House panel to review Senate toxic chemical bill

A House subcommittee will take a look at Senate legislation to reform the nation’s widely criticized toxic chemical law next week, in the chamber’s first exploration of the bipartisan bill.

The Energy and Commerce subcommittee on the Environment and the Economy is planning to probe the potentially landmark bill to update the Toxic Substances Control Act next Wednesday, according to people familiar with its schedule.

The hearing would be the first time the House examines the Senate legislation, which was introduced in May by Sen. David Vitter (R-La.) and the late Sen. Frank Lautenberg (D-N.J.). The panel has previously investigated different aspects of the outdated 1976 chemical safety law, but not discussed new legislation to reform it. 

The hearing has not yet been formally announced, but officials from the American Chemistry Council, Environmental Defense Fund, American Cleaning Institute and the Safer Chemicals Healthy Families coalition are likely to testify.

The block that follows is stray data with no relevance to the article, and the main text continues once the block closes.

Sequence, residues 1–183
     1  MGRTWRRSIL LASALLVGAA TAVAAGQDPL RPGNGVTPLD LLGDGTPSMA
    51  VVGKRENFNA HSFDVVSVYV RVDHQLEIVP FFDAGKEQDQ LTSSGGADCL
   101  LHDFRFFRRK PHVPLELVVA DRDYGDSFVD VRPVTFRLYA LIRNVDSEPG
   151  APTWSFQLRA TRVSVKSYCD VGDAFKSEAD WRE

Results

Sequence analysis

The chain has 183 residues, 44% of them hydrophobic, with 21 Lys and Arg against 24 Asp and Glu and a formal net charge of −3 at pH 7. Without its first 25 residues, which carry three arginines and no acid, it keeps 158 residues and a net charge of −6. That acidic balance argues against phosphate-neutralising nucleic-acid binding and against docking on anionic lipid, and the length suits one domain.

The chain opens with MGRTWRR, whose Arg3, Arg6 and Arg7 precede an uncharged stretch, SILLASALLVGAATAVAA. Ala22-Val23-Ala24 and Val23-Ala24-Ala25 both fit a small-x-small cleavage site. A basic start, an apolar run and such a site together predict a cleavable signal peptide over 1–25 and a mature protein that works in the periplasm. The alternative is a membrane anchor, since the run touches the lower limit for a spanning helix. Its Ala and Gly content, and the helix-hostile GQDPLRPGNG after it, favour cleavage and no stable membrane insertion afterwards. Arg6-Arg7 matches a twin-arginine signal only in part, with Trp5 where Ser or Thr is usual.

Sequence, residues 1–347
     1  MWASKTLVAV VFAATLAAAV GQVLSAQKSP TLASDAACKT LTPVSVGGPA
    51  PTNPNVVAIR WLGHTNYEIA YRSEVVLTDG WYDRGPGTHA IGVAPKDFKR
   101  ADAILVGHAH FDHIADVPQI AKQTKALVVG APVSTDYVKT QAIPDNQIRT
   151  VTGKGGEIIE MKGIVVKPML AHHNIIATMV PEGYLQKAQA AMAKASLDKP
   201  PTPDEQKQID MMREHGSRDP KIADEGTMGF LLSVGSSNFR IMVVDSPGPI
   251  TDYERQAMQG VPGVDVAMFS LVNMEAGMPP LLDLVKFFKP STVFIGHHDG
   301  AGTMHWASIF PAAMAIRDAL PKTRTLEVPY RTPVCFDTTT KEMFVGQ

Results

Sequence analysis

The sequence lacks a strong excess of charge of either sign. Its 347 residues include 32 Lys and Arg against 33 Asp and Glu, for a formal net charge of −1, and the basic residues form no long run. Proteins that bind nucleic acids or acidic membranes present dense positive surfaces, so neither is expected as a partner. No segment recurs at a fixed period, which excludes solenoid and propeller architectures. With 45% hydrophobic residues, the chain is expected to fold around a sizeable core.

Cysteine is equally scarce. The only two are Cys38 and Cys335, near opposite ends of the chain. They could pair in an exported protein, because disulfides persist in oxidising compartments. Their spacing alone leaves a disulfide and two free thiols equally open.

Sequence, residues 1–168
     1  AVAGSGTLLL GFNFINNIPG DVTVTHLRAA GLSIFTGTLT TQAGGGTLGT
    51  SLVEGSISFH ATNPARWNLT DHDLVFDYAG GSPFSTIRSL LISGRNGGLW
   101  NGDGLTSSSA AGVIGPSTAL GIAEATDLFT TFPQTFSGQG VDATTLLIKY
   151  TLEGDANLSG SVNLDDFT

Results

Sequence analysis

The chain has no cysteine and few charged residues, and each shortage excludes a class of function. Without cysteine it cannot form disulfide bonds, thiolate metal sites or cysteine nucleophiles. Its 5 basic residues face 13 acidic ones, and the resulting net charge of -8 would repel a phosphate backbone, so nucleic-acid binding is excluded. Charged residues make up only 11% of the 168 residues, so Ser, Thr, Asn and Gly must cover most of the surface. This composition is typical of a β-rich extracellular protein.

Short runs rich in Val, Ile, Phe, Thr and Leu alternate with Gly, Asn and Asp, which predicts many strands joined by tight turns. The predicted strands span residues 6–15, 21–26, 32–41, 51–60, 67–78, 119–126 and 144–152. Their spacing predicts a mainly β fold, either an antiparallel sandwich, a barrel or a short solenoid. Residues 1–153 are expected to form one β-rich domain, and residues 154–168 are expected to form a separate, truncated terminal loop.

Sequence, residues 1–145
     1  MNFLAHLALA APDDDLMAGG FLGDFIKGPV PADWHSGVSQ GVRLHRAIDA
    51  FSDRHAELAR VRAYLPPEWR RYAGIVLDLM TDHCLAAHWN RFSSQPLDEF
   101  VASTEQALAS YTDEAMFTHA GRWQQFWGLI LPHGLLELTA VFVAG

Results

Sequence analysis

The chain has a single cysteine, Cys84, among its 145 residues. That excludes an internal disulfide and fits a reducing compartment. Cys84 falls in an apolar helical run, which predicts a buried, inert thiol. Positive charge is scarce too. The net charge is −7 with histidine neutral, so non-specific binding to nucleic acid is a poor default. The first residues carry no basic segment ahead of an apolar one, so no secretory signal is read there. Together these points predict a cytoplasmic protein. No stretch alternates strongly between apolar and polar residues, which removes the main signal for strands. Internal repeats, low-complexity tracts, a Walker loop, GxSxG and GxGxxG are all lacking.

Current law makes it too difficult for the Environmental Protection Agency (EPA) to take action against dangerous chemicals, critics have said. They point to the years it spent trying to crack down on asbestos, which has been proven to cause cancer; it was halted when a court ruled it had gone beyond its authority in 1991.

The Vitter and Lautenberg bill, the Chemical Safety Improvement Act, would give the EPA more power to review chemicals currently on the market.

Liberal lawmakers and outside advocates say that the bill would need serious reforms before it could move forward. They worry that it would prevent states from enacting their own more restrictive state laws and does not adequately protect pregnant mothers and other vulnerable people.

Vitter and other lawmakers in the Senate have pledged to work on a new version of the bill that would eliminate any unintended oversights such as preempting state action or preventing potential lawsuits against chemical companies.

The bill currently has nearly two dozen co-sponsors in the Senate. 

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